Baltimore Museum of Art Announces Accompanying Catalogue to U.S. Pavilion Exhibition at the 2017 Venice Biennale
Catalogue Features Original Essays by Zadie Smith and Anita Hill, Among Others
BALTIMORE, MD – The Baltimore Museum of Art, the presenter of the U.S. Pavilion at the 2017 Venice Biennale along with the Rose Art Museum at Brandeis University, today announced the publication of Tomorrow Is Another Day, the official catalogue accompanying the exhibition of the same name featuring new work by Mark Bradford for the U.S. Pavilion. The catalogue was created in close collaboration with the artist and Poly-Mode, the design studio of Silas Munro, and is published by Gregory R. Miller & Co. in conjunction with The Baltimore Museum of Art. Tomorrow Is Another Day includes new essays by Zadie Smith, Anita Hill, and others about the importance of Bradford’s work in the current social climate. The catalogue also delves into the development of Bradford’s career as an artist with behind-the-scenes images of Bradford’s creative process and vibrant photography of the art created for the Venice Biennale.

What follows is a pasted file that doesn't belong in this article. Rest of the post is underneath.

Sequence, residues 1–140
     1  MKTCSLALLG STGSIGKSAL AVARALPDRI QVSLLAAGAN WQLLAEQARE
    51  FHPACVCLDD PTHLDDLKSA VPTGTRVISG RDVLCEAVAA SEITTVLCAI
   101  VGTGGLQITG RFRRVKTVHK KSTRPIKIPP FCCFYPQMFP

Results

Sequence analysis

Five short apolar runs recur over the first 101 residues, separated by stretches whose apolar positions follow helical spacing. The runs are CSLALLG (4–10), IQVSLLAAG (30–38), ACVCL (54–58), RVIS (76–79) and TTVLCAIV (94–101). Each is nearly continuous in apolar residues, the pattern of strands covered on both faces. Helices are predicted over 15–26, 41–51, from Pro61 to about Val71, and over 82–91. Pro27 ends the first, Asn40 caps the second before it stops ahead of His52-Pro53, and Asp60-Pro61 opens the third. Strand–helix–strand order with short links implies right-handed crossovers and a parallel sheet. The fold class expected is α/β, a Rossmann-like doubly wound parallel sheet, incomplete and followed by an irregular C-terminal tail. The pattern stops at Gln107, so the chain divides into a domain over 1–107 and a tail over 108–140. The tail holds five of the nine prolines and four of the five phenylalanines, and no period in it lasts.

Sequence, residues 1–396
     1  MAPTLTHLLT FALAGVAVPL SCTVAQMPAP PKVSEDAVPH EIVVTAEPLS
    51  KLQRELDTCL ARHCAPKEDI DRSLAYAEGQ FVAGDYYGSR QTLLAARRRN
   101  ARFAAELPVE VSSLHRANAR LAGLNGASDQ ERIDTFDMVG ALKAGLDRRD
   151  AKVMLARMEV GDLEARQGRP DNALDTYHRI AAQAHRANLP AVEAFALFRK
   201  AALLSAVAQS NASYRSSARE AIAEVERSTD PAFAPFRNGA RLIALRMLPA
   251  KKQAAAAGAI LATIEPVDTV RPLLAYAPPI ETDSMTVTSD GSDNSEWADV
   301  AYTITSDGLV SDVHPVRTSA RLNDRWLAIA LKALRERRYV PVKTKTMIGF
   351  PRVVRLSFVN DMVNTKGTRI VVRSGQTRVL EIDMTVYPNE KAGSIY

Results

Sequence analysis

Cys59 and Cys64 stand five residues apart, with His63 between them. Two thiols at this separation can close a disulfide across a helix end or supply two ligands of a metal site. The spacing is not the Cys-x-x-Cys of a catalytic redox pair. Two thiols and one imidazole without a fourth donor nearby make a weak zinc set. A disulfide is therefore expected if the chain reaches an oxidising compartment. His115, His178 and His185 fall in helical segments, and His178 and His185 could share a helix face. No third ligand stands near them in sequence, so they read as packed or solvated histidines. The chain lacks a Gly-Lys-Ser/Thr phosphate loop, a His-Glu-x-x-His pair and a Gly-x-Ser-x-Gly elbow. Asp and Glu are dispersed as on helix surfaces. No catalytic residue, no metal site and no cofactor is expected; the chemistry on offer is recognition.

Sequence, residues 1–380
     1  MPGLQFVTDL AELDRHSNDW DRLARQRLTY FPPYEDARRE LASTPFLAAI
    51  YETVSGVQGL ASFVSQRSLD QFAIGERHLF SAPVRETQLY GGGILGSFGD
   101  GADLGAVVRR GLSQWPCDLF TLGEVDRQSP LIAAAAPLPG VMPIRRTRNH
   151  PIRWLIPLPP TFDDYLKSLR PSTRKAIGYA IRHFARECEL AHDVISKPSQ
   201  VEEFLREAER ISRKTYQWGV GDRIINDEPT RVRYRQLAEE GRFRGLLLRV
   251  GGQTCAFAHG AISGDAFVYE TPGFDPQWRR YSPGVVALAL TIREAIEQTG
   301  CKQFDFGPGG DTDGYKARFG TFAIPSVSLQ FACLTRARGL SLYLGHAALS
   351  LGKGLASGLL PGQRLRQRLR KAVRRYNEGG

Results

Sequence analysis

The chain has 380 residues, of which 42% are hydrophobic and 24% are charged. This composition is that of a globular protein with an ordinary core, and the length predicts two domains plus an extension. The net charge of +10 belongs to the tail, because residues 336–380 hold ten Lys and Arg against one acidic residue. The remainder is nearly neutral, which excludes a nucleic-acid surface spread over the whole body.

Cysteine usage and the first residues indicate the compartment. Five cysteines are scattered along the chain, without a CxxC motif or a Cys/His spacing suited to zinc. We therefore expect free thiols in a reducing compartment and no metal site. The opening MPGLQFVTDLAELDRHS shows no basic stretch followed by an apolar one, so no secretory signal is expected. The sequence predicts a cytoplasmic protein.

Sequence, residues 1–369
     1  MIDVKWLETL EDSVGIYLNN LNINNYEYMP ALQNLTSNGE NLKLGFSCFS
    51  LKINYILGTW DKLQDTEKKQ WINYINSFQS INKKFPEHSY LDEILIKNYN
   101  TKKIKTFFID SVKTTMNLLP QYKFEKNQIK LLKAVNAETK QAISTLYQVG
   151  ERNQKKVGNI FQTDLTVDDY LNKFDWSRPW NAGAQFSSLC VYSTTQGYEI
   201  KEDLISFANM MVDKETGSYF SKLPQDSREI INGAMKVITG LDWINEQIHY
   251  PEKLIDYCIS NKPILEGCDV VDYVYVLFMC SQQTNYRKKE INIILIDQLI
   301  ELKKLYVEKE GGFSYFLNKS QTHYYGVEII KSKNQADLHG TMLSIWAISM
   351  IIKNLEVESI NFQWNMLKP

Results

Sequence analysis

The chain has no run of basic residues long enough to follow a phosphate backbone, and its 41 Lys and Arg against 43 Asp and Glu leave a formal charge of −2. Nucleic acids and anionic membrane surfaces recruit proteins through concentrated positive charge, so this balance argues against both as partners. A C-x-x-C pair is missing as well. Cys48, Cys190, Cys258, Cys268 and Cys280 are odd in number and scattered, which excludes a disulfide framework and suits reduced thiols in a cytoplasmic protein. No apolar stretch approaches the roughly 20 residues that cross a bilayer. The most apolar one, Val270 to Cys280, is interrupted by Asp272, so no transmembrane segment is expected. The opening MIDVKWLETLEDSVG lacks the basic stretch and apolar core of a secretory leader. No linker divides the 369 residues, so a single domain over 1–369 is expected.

“The catalogue for Tomorrow Is Another Day goes beyond the exhibition of Mark Bradford’s work for the U.S. Pavilion,” said Christopher Bedford, commissioner of the U.S. Pavilion and Dorothy Wagner Wallis Director of The Baltimore Museum of Art. “With essays by important authors, historians, and cultural critics, the catalogue places Mark’s work within the context of our society’s vital conversations about race, gender, and identity.”
Tomorrow Is Another Day was envisioned as a companion to Mark Bradford’s exhibition of the same name, both contextualizing Bradford’s works for the U.S. Pavilion and directly responding to them. The catalogue opens with an essay by the co-curators of the U.S. Pavilion exhibition, Christopher Bedford and Katy Siegel, the inaugural Eugene V. and Clare E. Thaw Endowed Chair in Modern American Art at Stony Brook University and BMA Senior Programming and Research Curator. The introduction prefaces a spectrum of historical and critical writings responding to Bradford’s art and also his social activism, in Los Angeles, New Orleans, Venice, and elsewhere.
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Category: Fine Art